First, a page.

Install Permeable Surfaces

In Los Angeles and other large cities, concrete and asphalt parking lots, driveways and sidewalks blanket much of the ground. These impermeable surfaces prevent rainwater from soaking into the ground, resulting in urban runoff.

Using permeable surfaces enables homes and businesses to capture rainwater for reuse or groundwater recharge (replenishing).

From impermeable to permeable

If you have impermeable paving that you would like to make permeable, there are two main methods for doing so:

  • Break up hard paved surfaces to create spaces for water to seep through
  • Remove and replace the surfaces with permeable paving

Either method allows water to soak into the soil, reducing runoff and increasing groundwater recharge. This practice also helps reduce the heat island effect (an increase in ambient temperature from heat-retaining buildings and paved surfaces). These methods will lower the surrounding temperature and reduce the need for air conditioning.

Note that before implementing these techniques, it is highly recommended to determine the soil permeability.

Breaking up a hard surface

There are a few options for breaking up a hard surface:

Create a broken concrete effect

  1. Check to make sure there are no underground utilities or water pipes under the area you are cutting. Contact www.digalert.org.
  2. Break up the concrete surface using a jackhammer or sledge hammer.
  3. Pull out concrete to leave a 2- to 3-inch space between the remaining pieces.
  4. Fill in the spaces with mulch or low-growing, drought tolerant ground cover.
  5. Recycle the leftover concrete.

Cut out areas in the concrete to plant trees, vines and shrubs

  1. Check to make sure there are no underground utilities or water pipes under the area you are cutting. Contact www.digalert.org.
  2. Mark the area you want to cut.
  3. Use a concrete cutter to remove the concrete.
  4. Remove the concrete and recycle the pieces.
  5. Break up the soil and add compost to increase soil health.
  6. Depending on the size of the space created and the location, plant a tree, dwarf fruit tree, non-invasive vine or garden.

Cut out a narrow strip down the center of a driveway

  1. Check to make sure there are no underground utilities or water pipes under the area you are cutting. Contact www.digalert.org.
  2. Mark the area you want to cut.
  3. Use a concrete cutter to remove the concrete.
  4. Remove the concrete and recycle the pieces.
  5. Fill in the spaces with gravel, mulch or low-growing, drought-tolerant ground cover.

Replacing a hard surface

There are a few options for replacing a hard surface:

Use mulch, gravel, ground cover or permeable pavers

  1. Make sure there are no underground utilities or water pipes under the area you are removing. Contact www.digalert.org.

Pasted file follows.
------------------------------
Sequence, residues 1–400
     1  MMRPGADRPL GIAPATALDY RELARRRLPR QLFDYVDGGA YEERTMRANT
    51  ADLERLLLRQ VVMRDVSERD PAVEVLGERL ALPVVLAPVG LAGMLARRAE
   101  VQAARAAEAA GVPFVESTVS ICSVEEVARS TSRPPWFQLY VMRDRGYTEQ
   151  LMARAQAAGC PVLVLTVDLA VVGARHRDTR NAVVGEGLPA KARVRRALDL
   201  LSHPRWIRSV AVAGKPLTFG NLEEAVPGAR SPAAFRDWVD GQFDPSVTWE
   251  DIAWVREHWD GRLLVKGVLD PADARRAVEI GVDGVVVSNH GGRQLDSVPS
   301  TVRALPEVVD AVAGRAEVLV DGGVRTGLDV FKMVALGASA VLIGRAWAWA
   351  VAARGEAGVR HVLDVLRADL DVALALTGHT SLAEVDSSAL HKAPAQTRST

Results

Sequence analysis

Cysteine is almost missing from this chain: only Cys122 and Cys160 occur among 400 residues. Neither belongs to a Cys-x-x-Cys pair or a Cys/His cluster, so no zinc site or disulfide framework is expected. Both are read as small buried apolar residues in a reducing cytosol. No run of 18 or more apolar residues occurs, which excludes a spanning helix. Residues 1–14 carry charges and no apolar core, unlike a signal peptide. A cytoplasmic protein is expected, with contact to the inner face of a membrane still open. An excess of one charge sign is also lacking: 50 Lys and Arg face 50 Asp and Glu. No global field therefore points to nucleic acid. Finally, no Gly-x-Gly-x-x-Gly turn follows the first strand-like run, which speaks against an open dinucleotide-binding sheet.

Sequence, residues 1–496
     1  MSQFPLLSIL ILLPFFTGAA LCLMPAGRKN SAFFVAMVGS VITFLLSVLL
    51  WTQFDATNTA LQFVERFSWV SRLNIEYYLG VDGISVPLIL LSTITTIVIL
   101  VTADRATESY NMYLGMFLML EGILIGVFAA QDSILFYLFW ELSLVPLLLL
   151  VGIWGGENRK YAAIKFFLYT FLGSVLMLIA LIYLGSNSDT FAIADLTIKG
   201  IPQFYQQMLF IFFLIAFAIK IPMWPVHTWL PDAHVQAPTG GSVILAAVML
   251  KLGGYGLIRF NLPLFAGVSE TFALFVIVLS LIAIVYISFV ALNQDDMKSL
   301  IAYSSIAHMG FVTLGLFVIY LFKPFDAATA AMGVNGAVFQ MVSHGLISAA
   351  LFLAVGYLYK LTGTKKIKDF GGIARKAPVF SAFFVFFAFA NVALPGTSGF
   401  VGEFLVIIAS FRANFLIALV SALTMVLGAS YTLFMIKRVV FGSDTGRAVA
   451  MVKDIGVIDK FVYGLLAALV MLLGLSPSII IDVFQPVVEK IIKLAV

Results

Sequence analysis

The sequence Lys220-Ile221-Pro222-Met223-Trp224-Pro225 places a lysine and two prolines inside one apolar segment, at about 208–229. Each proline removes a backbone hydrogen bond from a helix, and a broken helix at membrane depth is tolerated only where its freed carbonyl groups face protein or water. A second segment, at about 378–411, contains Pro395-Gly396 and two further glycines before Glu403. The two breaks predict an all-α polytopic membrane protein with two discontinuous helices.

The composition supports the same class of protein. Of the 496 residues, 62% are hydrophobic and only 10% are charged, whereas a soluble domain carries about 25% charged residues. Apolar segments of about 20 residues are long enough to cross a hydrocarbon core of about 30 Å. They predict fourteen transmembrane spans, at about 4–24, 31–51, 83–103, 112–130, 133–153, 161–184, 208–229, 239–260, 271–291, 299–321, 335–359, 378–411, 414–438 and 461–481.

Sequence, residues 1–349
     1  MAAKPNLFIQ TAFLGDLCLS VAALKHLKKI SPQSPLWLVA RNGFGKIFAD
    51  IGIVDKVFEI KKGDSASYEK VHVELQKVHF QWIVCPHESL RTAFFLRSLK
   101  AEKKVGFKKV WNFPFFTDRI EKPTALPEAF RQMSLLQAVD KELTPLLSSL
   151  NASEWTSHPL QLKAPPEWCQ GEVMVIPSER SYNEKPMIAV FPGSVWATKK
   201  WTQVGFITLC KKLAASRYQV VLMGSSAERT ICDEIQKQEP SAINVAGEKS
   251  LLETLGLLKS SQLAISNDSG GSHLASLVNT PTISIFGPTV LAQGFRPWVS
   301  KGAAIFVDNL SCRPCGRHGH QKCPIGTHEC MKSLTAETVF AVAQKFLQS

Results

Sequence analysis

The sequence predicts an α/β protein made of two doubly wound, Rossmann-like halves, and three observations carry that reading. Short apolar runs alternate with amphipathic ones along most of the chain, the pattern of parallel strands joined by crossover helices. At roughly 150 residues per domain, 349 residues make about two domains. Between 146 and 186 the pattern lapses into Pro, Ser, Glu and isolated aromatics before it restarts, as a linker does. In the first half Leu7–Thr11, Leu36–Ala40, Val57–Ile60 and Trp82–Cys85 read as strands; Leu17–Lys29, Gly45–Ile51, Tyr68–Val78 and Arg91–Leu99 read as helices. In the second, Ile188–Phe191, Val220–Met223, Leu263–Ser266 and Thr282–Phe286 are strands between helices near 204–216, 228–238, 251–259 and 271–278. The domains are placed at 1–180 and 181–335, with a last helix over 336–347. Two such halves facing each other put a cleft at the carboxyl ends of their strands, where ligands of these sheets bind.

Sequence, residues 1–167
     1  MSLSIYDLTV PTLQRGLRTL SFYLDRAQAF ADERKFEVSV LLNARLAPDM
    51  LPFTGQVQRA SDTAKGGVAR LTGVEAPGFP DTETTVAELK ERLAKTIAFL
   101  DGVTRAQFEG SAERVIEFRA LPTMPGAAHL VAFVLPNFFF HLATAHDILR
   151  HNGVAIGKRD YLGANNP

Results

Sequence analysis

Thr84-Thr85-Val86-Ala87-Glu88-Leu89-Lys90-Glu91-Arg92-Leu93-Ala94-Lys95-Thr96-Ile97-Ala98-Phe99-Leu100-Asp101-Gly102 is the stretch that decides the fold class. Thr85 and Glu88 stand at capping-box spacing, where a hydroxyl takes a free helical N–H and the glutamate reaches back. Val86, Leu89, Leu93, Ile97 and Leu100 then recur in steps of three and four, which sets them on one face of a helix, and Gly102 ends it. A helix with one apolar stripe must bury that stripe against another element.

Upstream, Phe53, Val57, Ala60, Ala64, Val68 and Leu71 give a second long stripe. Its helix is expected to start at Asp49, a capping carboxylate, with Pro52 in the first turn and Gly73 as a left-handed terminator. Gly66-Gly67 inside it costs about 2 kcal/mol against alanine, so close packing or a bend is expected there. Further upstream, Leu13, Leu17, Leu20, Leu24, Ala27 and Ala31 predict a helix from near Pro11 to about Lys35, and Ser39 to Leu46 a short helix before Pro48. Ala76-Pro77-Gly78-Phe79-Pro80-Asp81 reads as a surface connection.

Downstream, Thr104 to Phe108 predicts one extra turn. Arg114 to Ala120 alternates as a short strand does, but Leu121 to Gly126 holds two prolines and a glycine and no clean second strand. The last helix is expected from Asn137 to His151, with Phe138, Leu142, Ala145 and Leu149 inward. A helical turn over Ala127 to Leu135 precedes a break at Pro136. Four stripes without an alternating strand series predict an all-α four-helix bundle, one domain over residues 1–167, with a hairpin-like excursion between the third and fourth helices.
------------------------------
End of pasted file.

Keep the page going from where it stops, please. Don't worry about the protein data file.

2. Break up and remove the concrete/asphalt surface using a jackhammer or sledgehammer.
  3. Pull out and recycle the concrete/asphalt.
  4. Fill in the space using one or more of:
    – 3 to 4-inch layer of mulch
    – Groundcover that can take foot traffic
    – Crushed rock or bark
    – Pavers or stepping stones

Use a permeable surface material substitute

Permeable surface material allows water to seep through. It is a good solution if the site is for driving (under 30 mph) or parking. Choose the type of permeable surface material that best suits your needs.

There are two basic categories. One looks and wears just like concrete or asphalt pavement, but doesn’t contain the fine particles that fill the spaces between the larger pieces of material in conventional pavement. The air spaces allow water to pass through the pavement and into a rock reservoir below, which filters it before it enters the surrounding soil.

The other group of materials includes various plastic or concrete grids and pavers. Products of this type allow grass or ground cover to grow in the gaps and are sturdy enough for cars.

For either type, you will need to remove the existing concrete or asphalt and then follow the instructions for your chosen pavement – or hire a professional to install it.

What can you do with leftover concrete?

Use the broken concrete to form raised planting beds for a garden. (Do not use asphalt in a garden. The petroleum in the asphalt could leach into the soil.)

Or recycle the concrete/asphalt. Note, some centers charge for this service. Ask if they will pick it up or if you need to deliver it to them. One center in the Northeast San Fernando Valley is:

Looney Bins, Inc.
(818) 768-7197
11616 Sheldon St.
Sun Valley, CA 91352

Resources for permeable pavement

Is this practice right for you?

Consult a professional if you're not sure. Also, see our web pages discussing maintenance issues, costs and other factors.